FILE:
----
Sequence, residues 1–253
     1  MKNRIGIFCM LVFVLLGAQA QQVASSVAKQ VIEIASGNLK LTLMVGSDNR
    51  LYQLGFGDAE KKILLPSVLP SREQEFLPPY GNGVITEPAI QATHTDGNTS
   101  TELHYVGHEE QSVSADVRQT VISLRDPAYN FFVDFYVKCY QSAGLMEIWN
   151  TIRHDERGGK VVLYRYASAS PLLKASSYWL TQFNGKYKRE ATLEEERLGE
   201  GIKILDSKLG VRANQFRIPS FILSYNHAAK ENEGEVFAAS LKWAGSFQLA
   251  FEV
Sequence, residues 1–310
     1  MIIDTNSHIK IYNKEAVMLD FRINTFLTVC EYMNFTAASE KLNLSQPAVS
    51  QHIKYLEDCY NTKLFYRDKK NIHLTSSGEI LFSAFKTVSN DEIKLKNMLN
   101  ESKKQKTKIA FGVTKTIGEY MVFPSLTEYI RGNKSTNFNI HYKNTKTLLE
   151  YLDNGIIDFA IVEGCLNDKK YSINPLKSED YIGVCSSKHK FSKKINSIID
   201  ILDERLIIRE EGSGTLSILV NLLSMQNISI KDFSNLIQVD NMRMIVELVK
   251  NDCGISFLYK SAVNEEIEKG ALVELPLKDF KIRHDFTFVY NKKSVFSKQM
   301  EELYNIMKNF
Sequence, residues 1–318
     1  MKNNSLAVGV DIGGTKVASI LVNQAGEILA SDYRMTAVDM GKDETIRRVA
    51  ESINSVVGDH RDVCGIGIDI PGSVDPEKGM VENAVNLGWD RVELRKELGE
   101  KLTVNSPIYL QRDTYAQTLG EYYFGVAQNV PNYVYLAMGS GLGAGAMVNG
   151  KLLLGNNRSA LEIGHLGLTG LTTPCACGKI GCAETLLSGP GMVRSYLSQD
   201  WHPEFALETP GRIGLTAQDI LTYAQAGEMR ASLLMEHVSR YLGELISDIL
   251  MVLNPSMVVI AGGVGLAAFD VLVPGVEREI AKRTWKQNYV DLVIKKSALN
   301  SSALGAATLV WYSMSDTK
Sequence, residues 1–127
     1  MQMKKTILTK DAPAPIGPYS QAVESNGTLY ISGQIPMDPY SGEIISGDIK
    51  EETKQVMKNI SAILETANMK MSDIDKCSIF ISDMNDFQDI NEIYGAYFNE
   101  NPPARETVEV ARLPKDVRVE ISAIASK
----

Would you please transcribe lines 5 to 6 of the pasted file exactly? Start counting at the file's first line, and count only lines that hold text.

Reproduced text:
   151  TIRHDERGGK VVLYRYASAS PLLKASSYWL TQFNGKYKRE ATLEEERLGE
   201  GIKILDSKLG VRANQFRIPS FILSYNHAAK ENEGEVFAAS LKWAGSFQLA